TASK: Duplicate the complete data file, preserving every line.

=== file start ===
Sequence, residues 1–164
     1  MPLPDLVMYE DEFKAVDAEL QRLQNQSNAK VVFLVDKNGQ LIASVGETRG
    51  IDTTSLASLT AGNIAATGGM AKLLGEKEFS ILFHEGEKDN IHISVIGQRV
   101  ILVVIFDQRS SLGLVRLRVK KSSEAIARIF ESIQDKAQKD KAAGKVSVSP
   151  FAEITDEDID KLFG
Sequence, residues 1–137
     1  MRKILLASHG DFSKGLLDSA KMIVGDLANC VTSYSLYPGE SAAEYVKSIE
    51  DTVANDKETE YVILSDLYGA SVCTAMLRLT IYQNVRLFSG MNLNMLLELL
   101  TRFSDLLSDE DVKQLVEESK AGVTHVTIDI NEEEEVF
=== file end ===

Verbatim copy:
Sequence, residues 1–164
     1  MPLPDLVMYE DEFKAVDAEL QRLQNQSNAK VVFLVDKNGQ LIASVGETRG
    51  IDTTSLASLT AGNIAATGGM AKLLGEKEFS ILFHEGEKDN IHISVIGQRV
   101  ILVVIFDQRS SLGLVRLRVK KSSEAIARIF ESIQDKAQKD KAAGKVSVSP
   151  FAEITDEDID KLFG
Sequence, residues 1–137
     1  MRKILLASHG DFSKGLLDSA KMIVGDLANC VTSYSLYPGE SAAEYVKSIE
    51  DTVANDKETE YVILSDLYGA SVCTAMLRLT IYQNVRLFSG MNLNMLLELL
   101  TRFSDLLSDE DVKQLVEESK AGVTHVTIDI NEEEEVF